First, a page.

Bolli adds another award from APS
Dr. Roberto Bolli, chief of the University of Louisville Division of Cardiovascular Medicine, was named the recipient of the 2011 Carl J. Wiggers Award by the American Physiological Society.
Add another trophy to the case for the University of Louisville's Dr. Roberto Bolli.
Already selected to receive the 2011 Walter B. Cannon Award, the highest honor of the American Physiological Society, Bolli has also garnered the Carl J. Wiggers Award, presented to a scientist who is a fellow of the Cardiovascular Section of APS who has made a lifetime of outstanding and lasting contributions throughout his/her career to cardiovascular research.
This marks the first time in APS history that both awards were won by the same person in the same year.
Bolli, chief of the University of Louisville Division of Cardiovascular Medicine and Director of the U of L Institute for Molecular Cardiology, will receive both awards at the APS sponsored Experimental Biology Meeting April 9-13, 2011 in Washington, D.C.
"I am honored to be the recipient of the Carl Wiggers Award, the highest recognition bestowed by the Cardiovascular Section of the APS," Bolli said. "Wiggers was the undisputable "king" of cardiovascular physiology in the first half of the 20th century, and a true hero for generations of physiologists.
"In addition, this award has a special significance to me because Wiggers was the founding Editor of Circulation Research, the journal for which I currently serve as Editor-in-Chief"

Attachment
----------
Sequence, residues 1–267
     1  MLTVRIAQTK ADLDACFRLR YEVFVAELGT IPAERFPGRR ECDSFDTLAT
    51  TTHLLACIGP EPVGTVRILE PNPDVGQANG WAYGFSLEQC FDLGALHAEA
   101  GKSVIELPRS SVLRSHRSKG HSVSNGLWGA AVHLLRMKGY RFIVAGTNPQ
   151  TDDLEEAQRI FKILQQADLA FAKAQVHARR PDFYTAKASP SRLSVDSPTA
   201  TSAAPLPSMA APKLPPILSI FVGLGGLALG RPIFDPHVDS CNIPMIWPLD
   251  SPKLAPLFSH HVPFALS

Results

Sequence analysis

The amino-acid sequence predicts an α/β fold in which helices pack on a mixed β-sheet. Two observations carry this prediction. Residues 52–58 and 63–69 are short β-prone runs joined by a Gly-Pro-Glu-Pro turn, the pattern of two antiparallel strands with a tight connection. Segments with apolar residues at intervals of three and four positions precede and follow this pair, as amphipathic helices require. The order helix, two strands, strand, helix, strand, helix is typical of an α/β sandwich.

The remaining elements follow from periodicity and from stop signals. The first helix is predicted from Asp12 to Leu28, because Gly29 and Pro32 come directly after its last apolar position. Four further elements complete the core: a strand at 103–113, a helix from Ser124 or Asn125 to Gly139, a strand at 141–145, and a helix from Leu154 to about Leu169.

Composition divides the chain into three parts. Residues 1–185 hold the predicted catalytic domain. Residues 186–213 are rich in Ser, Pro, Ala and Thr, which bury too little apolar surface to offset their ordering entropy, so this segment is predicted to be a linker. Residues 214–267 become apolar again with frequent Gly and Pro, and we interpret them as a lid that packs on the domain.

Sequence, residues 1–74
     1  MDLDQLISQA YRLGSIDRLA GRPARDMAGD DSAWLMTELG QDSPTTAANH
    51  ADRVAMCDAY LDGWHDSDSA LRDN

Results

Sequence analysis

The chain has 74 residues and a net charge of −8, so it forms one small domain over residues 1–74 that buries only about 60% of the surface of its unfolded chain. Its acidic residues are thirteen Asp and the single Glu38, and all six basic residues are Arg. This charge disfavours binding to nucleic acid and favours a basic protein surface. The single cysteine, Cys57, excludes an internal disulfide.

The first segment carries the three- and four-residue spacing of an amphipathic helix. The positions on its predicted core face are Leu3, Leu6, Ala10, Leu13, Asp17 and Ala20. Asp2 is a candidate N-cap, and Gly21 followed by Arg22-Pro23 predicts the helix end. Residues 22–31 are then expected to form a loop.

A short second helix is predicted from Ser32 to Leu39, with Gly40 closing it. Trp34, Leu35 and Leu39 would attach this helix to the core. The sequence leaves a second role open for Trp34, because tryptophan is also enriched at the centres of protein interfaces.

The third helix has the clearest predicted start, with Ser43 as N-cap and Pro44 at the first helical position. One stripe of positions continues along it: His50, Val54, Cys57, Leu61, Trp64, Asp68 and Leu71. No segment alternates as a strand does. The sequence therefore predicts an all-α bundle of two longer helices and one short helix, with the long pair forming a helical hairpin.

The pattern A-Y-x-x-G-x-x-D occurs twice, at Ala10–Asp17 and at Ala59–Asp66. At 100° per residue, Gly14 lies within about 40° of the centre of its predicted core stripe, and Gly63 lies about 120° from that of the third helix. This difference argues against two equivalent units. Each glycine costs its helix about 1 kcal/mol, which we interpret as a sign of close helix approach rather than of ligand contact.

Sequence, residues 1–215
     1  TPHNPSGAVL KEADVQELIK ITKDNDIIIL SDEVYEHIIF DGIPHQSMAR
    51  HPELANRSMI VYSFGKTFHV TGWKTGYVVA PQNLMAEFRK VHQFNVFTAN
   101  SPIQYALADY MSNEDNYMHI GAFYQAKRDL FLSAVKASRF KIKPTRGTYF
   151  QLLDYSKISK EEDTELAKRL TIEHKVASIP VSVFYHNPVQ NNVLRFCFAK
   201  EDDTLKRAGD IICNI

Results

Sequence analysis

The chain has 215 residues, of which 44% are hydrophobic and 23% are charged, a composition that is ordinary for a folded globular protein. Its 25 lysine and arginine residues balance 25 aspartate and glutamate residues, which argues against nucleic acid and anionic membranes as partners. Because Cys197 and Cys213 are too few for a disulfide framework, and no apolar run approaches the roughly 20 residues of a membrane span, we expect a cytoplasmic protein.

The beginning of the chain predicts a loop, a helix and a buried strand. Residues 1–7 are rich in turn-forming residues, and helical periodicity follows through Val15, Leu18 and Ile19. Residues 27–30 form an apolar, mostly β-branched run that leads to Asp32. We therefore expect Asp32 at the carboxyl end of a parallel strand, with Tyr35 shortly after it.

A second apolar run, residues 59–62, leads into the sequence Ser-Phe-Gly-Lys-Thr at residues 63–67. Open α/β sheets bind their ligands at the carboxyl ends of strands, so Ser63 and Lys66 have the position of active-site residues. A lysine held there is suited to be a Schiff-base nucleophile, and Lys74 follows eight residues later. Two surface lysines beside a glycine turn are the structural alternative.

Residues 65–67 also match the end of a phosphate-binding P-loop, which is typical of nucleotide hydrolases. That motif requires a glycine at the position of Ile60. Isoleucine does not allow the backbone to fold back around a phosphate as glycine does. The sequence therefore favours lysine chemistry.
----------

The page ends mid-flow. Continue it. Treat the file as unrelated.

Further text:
Bolli will present the Wiggers Award featured topic, "Role of Stem/Progenitor Cells in Cardiovascular Pathophysiology and Therapy" on April 11.
The Wiggers Award is given in honor of the Cardiovascular Section's founder, Carl J. Wiggers, M.D., who founded Circulation Research and trained numerous future department heads as well as several presidents of APS.
In addition, Bolli will present the Walter B. Cannon Memorial Award Lecture April 9, titled, "The Nitric Oxide-Carbon Monoxide Module: A Fundamental Mechanism of Cellular Resistance to Stress."
"When I look at the distinguished list of past recipients (of the Walter B. Cannon Award), going back to 1983, I am humbled to be included in their company," Bolli said in October. "The American Physiological Society's longstanding tradition of dedication to the physiological sciences – and Dr. Cannon's contribution to it and to the field of medicine – makes this a real honor. I am very much looking forward to giving this lecture in April."
Bolli garners Society's highest honor (10/6/10)